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Profile: Portland Cider Co.

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Just south of Portland, Oregon City has recently gained taprooms, growler bars and breweries—and it doesn’t seem to be slowing down. We’ll profile a few of the places popping up, why they think Oregon City is a strategic location, and what the plans are for the future. First up is Portland Cider Co.

Oregon City is a city of firsts. It had the first newspaper to be published west of the Rockies; it was the last spot settlers on the Oregon Trail landed before heading out to their homesteads; and it was at one time battling for supremacy with Portland (we all know how that turned out). Oregon City has all the elements of a typical U.S. city built in the mid-1800s: western boom town, growth, streetcars, paper mill, and a healthy Main Street that supported its citizens. It came upon rough times like many U.S. cities, but is slowly gaining steam with a walkable downtown area that is seeing new life—and new shops.

Up the hill from Main Street, Jeff Parrish and his wife Lynda opened the Portland Cider Co. taproom last February after successfully selling their ciders at farmers markets across the Portland metro area.

“The whole taproom came about because we realized that we had no place to put a face to the brand,” says Parrish. After reading article after article on Portland ciders and seeing no mention of his own, he decided to open the taproom.

“We had a storage room, if you will, and spent Christmas break remodeling it and opened the taproom on Valentine’s Day. I wish we had done the taproom coming out of the gate, as opposed to a more reactionary move,” he adds.

This strategy didn’t seem to slow things down for the cider company. Two-thirds of its taproom business comes from the locals in Oregon City, while the other third comes from around the Portland metro area. Their two best sellers are Kinda Dry, a traditional English cider, and Sorta Sweet, which isn’t as sweet as many of the national brands. Half of the sales come from growlers, the business in total is growing 5% a month, and the cidery is producing a little under 100 barrels of cider a month. By the end of the year, Parrish says they’ll be at 150 barrels a month.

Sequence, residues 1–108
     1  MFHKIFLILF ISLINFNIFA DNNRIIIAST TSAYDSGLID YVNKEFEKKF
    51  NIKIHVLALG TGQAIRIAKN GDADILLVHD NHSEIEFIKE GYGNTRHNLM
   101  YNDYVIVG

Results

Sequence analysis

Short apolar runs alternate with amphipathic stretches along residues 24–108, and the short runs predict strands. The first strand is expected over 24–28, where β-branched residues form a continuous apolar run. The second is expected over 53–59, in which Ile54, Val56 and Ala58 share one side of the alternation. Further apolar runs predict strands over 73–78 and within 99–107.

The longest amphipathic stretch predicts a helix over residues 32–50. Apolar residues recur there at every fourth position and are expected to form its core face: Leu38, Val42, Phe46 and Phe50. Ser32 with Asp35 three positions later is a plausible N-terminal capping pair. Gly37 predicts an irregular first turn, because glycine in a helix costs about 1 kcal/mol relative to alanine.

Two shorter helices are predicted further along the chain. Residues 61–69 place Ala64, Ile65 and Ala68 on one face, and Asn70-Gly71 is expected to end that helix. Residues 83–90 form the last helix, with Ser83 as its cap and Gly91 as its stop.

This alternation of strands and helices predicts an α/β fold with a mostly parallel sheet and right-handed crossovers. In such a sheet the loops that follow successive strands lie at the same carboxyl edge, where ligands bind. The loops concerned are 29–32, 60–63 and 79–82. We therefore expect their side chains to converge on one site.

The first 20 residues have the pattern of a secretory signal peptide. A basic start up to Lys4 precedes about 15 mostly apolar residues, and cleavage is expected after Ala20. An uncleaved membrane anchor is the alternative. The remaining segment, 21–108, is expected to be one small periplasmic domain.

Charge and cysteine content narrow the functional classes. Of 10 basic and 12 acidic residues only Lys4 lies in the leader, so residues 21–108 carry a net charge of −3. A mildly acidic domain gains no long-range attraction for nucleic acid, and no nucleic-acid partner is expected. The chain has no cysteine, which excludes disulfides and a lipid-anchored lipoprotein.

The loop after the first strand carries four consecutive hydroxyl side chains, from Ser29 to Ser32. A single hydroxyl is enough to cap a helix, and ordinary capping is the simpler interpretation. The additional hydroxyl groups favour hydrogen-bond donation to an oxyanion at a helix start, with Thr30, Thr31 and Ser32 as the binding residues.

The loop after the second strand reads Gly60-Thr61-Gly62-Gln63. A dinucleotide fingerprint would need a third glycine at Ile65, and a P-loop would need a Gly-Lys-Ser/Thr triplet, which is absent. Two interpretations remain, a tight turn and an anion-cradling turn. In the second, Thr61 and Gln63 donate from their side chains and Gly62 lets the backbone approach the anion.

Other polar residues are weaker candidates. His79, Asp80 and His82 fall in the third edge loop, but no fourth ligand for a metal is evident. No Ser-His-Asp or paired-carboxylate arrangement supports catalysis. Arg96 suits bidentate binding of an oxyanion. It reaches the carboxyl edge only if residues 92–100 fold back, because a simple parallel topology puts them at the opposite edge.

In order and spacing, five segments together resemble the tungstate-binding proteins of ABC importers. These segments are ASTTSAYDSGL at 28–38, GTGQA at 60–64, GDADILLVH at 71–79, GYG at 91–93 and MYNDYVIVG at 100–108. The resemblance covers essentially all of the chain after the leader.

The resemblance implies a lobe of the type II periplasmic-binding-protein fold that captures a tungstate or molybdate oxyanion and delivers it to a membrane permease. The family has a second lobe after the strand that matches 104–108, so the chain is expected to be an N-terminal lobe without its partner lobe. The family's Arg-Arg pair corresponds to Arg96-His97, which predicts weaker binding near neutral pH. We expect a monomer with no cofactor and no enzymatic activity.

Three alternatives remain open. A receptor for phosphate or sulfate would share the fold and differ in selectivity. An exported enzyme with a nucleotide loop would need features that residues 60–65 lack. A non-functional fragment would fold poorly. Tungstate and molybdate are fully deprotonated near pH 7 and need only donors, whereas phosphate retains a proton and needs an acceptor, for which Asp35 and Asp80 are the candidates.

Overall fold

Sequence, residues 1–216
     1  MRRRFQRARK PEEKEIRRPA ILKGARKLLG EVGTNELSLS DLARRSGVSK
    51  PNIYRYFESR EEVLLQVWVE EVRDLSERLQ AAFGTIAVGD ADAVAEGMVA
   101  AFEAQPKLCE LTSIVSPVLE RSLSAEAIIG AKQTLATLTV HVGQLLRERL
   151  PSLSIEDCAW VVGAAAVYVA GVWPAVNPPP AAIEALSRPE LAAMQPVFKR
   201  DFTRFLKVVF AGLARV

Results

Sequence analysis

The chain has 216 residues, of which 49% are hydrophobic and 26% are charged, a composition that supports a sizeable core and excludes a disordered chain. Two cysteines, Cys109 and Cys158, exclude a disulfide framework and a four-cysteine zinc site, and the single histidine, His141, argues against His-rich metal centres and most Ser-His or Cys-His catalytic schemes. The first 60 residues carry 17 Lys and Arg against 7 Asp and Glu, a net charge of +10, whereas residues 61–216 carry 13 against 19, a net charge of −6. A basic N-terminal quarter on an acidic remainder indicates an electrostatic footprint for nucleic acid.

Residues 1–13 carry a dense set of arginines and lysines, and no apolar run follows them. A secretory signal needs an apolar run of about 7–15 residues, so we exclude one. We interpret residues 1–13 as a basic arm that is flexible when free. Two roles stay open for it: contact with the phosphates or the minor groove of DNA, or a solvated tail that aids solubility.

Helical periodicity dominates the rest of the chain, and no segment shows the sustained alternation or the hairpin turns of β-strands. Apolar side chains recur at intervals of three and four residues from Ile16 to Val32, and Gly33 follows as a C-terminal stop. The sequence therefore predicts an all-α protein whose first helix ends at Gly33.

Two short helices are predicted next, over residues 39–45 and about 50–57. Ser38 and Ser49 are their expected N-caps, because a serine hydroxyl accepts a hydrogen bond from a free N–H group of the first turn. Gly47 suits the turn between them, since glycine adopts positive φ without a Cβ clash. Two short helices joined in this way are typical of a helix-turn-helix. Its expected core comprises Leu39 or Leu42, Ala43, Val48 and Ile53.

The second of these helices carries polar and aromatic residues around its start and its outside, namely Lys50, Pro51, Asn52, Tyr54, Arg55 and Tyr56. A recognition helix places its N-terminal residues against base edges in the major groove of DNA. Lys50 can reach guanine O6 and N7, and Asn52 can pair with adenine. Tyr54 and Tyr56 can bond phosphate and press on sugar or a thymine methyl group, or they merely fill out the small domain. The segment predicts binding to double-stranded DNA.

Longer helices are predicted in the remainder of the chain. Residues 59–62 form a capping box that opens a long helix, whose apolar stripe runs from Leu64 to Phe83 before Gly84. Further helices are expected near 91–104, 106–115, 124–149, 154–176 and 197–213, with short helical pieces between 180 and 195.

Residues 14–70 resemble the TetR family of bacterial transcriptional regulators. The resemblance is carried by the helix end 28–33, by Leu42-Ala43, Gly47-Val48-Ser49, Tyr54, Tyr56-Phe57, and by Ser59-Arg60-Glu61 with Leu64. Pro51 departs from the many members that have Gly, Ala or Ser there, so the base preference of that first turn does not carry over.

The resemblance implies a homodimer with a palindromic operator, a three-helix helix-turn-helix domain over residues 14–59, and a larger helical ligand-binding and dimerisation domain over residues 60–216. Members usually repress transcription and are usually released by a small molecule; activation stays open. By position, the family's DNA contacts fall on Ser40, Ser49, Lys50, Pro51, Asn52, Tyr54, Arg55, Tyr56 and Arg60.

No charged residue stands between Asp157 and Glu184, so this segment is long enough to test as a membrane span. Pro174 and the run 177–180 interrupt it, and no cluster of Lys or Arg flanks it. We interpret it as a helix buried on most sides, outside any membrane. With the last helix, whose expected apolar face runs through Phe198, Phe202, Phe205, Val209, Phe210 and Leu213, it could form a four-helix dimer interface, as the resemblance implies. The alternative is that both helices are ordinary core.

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So, why isn’t the cider company called Oregon City Cider Co.?

“One of out ten customers ask me that same question,” says Parrish. “The name came out of the fact that we were thinking broader than just our local market, and the brand resonates far away from Portland.” On the other hand, Oregon City and Clackamas County have also been easy to work with; the tax and business fees are lower and there’s less bureaucratic hassle than Portland.

“The folks who work in Oregon City and the county want to do everything they can to help you, as opposed to doing everything they can to ensure you’re in full compliance with the law. They want you to comply, but they also want you to be successful. That’s the difference from Portland,” says Parrish.

That being said, the company has its eyes on expanding its facilities or opening a retail spot in Portland at some point. “From a business perspective, it makes a lot of sense.”

“Right now we’re kind of outside the center of Portland and we’re kind of doing what we do. I can’t believe how successful our taproom has been considering it’s about the worst location you can possibly imagine putting a taproom in. We’re in back of a light industrial park. When you drive by, you see dumpsters and loading doors,” says Parrish.

“But it’s got a nice warm environment inside,” he adds.

Portland Cider Co. is located at 275 S Beavercreek Rd #149, Oregon City. Bottles are available across the Portland Metro area.

John Chilson writes about Portland history and architecture at Lost Oregon. He's also written for Neighborhood Notes, Travel Oregon, Portland Architecture, Askmen.org, San Diego Reader, and Portland Food and Drink. Follow him on twitter at @LostOregon for local history nerdism; for beer tweets he's at @Hopfrenzy. Shoot him an email at [email protected] if you want to get in touch.

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